“Rob Ford is only interested in harnessing political power,” says Wong-Tam. “He may have done it deliberately as a means of political gain. For him, I believe it’s a wedge issue. This is how it works for Ford nationalists and those who belong to that tribe.

“I recognize that there is exploitation of homophobia among racialized communities. They’ve been able to racialize homophobia. They’re exploiting an underlying prejudice. Ford believes these communities are more socially conservative. He’s saying, ‘I don’t like gay people. I won’t attend their parades. I’m an ordinary hard-working man like you. I’m not them.’”

Ford’s refusal to attend Pride parades is well-known, as are his past votes against funding gay or AIDS-related projects. In February of this year, he unsuccessfully demanded that the Pride flag, which had been raised to support LGBT rights during the Russian Olympics, be removed. At the same time, he reiterated his refusal to attend Pride, which his brother repeatedly criticized for being full of “buck-naked men,” while accusing the gay community of being bullies.

Since his return from rehab, Rob Ford has voted against a proposal to study how to help homeless gay youth and refused to stand to applaud WorldPride’s success.

“Well, what the principle is, Rob Ford has decided not to go to the gay pride parade. And all of a sudden, he’s going to get up and he’s going to be applauding the gay pride parade?” Doug Ford told media.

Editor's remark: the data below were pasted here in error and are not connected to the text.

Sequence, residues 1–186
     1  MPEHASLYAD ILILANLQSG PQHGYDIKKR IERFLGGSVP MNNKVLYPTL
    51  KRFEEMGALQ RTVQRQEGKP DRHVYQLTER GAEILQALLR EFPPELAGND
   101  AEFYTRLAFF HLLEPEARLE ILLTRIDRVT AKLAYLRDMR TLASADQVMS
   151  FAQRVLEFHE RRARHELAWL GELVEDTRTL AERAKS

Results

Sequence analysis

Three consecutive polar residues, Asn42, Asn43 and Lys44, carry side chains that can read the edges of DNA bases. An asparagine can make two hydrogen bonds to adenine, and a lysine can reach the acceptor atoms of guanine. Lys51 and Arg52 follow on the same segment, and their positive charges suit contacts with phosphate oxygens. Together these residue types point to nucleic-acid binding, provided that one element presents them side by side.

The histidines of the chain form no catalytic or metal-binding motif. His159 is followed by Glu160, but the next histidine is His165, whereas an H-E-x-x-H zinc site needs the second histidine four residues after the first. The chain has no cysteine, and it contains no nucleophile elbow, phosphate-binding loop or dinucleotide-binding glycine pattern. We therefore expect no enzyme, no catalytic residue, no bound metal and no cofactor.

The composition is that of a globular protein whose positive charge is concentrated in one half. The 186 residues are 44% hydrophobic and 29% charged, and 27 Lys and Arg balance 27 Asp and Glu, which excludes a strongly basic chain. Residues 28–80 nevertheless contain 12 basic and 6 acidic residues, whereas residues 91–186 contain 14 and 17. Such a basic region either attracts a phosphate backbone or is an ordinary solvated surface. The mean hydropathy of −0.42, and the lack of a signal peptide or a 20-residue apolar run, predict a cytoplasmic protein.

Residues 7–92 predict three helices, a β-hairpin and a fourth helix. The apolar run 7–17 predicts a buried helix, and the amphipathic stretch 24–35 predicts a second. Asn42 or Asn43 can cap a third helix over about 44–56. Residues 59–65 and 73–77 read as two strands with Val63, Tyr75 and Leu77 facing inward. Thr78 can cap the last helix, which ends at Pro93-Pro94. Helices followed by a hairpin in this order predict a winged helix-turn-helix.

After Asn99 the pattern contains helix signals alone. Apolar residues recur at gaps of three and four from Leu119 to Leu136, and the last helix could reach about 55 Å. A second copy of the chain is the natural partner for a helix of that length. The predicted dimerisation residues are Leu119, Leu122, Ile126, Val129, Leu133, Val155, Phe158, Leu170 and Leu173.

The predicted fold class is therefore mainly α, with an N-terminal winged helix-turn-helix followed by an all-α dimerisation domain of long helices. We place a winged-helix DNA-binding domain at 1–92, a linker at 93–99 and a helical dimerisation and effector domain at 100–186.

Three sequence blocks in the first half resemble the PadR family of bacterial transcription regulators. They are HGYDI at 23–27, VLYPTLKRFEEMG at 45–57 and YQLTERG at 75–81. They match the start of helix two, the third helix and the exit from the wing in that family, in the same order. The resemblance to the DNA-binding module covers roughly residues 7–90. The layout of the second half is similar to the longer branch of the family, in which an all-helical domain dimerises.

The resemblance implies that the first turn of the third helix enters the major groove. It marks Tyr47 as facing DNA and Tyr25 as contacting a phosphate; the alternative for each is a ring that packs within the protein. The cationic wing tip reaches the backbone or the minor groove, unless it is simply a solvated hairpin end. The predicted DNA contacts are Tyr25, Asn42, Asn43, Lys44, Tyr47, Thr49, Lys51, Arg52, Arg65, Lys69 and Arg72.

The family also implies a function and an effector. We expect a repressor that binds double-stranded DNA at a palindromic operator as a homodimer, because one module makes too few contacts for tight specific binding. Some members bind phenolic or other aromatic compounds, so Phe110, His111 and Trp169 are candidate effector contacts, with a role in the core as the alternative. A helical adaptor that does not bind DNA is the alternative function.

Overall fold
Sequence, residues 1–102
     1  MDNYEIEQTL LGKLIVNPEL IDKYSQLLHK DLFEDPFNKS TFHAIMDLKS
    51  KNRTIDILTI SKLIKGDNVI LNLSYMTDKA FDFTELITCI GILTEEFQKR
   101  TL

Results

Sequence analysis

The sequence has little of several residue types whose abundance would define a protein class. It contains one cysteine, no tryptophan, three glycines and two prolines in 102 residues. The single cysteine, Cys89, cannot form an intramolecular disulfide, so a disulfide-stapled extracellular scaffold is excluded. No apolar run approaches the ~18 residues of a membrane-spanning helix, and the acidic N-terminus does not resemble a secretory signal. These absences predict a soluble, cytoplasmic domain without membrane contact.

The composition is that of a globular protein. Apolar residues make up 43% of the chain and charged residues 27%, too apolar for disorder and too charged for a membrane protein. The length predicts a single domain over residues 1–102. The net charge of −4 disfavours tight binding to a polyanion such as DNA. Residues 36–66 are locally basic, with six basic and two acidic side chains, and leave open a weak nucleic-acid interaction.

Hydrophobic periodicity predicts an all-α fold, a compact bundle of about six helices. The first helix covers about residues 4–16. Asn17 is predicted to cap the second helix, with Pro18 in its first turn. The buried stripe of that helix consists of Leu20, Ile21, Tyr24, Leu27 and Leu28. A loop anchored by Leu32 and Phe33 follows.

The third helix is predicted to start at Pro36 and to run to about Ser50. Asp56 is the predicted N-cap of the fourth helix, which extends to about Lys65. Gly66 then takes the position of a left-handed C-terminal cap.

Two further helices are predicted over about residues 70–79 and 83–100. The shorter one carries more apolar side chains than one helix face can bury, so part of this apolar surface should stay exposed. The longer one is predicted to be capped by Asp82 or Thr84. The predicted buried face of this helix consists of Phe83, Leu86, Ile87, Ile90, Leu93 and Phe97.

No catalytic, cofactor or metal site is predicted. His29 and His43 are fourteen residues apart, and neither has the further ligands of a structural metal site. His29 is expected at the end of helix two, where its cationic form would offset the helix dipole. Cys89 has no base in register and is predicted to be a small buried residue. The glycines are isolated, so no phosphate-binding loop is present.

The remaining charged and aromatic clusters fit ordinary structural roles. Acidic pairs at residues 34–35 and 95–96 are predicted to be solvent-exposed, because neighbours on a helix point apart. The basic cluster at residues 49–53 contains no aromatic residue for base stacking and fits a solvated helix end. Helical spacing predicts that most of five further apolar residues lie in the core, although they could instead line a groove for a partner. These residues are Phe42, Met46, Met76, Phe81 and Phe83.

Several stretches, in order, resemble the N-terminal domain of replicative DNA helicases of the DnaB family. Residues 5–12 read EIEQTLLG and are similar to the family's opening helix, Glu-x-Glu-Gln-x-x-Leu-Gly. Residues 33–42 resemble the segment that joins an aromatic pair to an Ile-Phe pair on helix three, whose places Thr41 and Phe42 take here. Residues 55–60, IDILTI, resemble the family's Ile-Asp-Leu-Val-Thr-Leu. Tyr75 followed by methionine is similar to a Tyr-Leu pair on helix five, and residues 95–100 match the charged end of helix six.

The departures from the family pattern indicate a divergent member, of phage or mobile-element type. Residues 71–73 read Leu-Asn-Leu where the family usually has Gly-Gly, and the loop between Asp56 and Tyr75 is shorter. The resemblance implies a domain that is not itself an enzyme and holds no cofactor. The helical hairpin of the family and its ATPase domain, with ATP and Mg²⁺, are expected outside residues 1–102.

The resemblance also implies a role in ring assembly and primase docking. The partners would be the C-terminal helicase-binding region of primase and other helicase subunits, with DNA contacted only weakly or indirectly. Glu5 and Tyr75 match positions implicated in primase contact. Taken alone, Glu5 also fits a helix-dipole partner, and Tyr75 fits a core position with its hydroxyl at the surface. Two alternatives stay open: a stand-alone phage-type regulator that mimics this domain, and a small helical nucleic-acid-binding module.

But the tension came to a head at Ford Fest, the mayor’s annual picnic at the end of July. At the event in Scarborough, gay and lesbian protesters were surrounded by Ford supporters. Ford Nation members were captured on film tearing up protest signs, shoving protesters and yelling homophobic slurs.

Iola Fortino, an activist campaigning against gay-straight alliances in Catholic schools, told journalists at Ford Fest why she supports the mayor.

“When Ford does not attend WorldPride, which is equivalent to Sodom and Gomorrah, he’s speaking for the silent majority. He’s not for the homos, he’s for families…. We’re sick of this oppression, it’s hitting our youth. They want us to accept it, embrace it. We’re not gonna embrace the shit. We’re not gonna embrace this immorality. We’re gonna stand up against it, whatever it takes. We’re gonna support Ford for standing up against it, the only politician doing that. He’s not only good with our money, he’s got morals. That’s the biggest thing.”